‘Oh then you’ll be able to listen to Cotton Fields,’ said my dad.
Last Wednesday night’s The Beach Boys 50th Anniversary Tour concert was certainly that kind of night when your parents did really know best. Older folks in colourful Hawaiian shirts flocked Singapore Indoor Stadium, which was playing Petula Clark’s charming Don’t Sleep in the Subway, vastly outnumbering the number of skinny jeans- and slim fit tee-wearing young’uns in attendance. As 70-somethings Mike Love, Al Jardine, Bruce Johnston, David Marks and latterly Brian Wilson, to the loudest cheers, appeared onstage at 8.15pm, it wasn’t until third number Catch a Wave that the party really took off. By the time Surfin’ Safari, the legendary group’s first Billboard Hot 100 top 40 hit in 1962, came around, sections of the near capacity crowd had already begun boogieing and grooving to the quintet’s still formidable signature vocal harmonies and doo-wops.
While two-thirds of the remaining original Beach Boys, Love and Jardine, rolled back the years to charm the fans with banter and energy that belied their advancing age, a steely faced Wilson, widely considered the band’s creative figurehead through the years, sat grumpily at his piano on the left corner of the stage. Having battled with mental illnesses since the late ’60s, Wilson’s sing-when-necessary demeanour must’ve been a concern for some, not least when the gig lost some of its early momentum, no thanks to a succession of lesser known songs (the Lead Belly cover Cotton Fields did eventually make an appearance to my chagrin) as well as a few uninspiring tracks from latest record That’s Why God Made The Radio. The relative lull was not to last, however, as the tender Don’t Worry Baby signalled the introduction of a flurry of feel-good surf-pop gems Little Deuce Coupe, 409 and I Get Around, to the delight of the crowd.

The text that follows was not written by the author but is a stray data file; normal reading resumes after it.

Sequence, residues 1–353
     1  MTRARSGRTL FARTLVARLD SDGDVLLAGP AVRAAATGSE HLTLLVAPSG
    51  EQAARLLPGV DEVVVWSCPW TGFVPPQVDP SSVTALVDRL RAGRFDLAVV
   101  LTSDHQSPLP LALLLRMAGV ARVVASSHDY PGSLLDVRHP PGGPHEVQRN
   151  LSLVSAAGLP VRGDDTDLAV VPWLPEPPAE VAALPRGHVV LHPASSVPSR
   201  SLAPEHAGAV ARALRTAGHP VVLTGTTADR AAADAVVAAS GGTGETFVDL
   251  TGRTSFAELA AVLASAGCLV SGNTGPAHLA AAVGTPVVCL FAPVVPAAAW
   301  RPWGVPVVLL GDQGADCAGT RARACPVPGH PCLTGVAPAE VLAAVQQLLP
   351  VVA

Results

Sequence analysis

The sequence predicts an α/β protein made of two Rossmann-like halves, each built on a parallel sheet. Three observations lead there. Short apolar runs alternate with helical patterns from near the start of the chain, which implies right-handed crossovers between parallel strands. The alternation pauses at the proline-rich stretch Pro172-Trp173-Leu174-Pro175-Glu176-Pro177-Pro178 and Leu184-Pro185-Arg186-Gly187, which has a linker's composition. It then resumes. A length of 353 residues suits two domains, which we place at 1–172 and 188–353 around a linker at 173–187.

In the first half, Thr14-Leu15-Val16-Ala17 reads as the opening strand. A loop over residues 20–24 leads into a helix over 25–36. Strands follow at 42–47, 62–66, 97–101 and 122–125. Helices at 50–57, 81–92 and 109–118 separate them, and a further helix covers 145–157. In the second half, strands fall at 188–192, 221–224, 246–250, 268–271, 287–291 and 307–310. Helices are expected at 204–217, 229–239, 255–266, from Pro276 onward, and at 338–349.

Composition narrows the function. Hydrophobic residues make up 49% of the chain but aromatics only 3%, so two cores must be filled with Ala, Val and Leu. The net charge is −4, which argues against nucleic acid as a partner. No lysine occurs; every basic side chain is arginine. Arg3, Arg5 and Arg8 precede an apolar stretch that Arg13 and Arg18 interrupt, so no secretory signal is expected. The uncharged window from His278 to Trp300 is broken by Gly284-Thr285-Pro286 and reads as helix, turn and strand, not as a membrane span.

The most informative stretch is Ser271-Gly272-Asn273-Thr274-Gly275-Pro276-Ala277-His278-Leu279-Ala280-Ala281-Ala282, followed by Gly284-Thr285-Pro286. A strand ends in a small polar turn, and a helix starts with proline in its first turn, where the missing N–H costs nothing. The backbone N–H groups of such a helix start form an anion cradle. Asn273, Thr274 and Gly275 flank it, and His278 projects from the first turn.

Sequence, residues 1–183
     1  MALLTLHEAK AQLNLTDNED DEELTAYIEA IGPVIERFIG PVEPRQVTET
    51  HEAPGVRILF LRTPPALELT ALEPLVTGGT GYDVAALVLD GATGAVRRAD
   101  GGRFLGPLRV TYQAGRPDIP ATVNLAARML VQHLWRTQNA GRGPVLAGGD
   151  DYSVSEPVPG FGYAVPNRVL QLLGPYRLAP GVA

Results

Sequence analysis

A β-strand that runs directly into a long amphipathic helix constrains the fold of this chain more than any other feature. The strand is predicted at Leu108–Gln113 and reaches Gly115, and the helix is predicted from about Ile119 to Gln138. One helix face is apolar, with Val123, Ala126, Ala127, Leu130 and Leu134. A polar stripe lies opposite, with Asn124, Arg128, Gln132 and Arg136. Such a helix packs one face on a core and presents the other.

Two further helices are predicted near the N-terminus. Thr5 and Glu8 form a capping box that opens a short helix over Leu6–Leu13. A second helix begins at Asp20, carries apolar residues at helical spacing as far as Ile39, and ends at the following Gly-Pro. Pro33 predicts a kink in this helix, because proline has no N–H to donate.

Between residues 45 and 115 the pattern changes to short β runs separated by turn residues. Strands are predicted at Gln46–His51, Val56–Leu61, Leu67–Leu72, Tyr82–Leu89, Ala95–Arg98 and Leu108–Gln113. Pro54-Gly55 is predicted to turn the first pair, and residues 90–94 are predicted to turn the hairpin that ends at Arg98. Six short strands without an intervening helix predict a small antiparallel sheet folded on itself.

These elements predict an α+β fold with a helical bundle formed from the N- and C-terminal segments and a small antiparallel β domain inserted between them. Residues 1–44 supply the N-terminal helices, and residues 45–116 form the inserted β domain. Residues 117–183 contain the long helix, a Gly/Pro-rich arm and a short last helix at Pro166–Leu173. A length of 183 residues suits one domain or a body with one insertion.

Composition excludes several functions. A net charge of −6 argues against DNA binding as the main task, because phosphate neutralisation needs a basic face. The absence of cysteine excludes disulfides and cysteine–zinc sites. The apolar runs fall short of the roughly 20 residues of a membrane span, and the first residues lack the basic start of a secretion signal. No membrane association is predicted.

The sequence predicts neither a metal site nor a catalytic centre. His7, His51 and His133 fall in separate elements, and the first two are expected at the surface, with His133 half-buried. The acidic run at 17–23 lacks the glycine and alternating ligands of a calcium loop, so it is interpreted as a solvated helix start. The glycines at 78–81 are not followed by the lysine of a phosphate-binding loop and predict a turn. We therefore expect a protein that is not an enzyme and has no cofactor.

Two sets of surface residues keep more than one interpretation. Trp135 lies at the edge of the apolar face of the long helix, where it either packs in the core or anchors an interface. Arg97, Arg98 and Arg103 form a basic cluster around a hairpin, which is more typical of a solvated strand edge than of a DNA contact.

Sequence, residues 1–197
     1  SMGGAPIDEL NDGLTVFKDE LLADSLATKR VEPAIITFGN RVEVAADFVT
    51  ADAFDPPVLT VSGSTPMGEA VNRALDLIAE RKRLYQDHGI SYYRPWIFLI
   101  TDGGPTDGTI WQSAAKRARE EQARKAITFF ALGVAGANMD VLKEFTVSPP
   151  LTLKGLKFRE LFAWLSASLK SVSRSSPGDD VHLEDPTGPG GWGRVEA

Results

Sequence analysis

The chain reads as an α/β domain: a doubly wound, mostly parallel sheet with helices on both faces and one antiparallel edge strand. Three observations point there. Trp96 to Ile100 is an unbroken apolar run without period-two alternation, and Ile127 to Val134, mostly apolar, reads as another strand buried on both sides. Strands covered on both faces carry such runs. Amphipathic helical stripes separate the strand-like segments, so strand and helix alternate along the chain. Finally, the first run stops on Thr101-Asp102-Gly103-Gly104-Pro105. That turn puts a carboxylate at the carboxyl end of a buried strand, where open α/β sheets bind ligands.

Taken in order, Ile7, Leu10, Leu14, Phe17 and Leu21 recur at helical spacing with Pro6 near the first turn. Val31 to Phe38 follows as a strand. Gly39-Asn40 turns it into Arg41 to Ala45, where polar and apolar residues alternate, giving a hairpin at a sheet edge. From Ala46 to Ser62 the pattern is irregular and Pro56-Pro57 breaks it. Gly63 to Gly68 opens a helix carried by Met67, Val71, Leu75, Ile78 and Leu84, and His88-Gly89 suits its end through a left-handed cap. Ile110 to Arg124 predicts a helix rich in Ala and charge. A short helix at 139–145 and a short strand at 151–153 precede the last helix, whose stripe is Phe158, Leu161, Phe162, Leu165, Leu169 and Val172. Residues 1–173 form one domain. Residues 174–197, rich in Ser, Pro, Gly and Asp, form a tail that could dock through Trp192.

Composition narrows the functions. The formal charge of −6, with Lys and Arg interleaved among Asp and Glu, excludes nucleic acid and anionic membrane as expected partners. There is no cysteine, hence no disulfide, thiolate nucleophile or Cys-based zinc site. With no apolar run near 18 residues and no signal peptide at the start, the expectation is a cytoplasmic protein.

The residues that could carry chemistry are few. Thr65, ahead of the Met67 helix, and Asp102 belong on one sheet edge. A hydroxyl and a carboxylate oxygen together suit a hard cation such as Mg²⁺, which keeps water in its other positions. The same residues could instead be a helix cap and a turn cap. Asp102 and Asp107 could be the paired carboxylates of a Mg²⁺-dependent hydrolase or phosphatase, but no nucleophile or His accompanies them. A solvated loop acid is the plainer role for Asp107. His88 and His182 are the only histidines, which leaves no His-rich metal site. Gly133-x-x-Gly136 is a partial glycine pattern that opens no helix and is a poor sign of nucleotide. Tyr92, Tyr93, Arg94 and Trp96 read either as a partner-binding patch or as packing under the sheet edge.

A 25-minute intermission soon followed, with the song count already at a whopping 28, before the boys from California returned with promises of tracks from seminal 1966 record Pet Sounds. The mention of his masterpiece, generally regarded as one of the greatest albums of all time, by his cousin Love seemed to pique the interest of the visibly more animated Wilson, who took the reins on the poignant God Only Knows. ‘God only knows what I’ll be without you,’ crooned Wilson to the heavenly melodies that were once set against the backdrop of Heathrow’s arrival hall in 2003’s Love Actually, but it was certainly a special moment to remember his fallen brothers and fellow founding members, Carl (the song’s original vocalist) and Dennis.
Crowd favourites like Good Vibrations, Kokomo and Fun, Fun, Fun ultimately closed this particular leg of the iconic band’s first high profile tour to include Wilson in over two decades, but as I rushed to catch the last MRT at a little past 11pm, I could only hope that Wilson finds solace in the fact that The Beach Boys did at least outlast fellow ’60s giants and long-time friendly rivals The Beatles.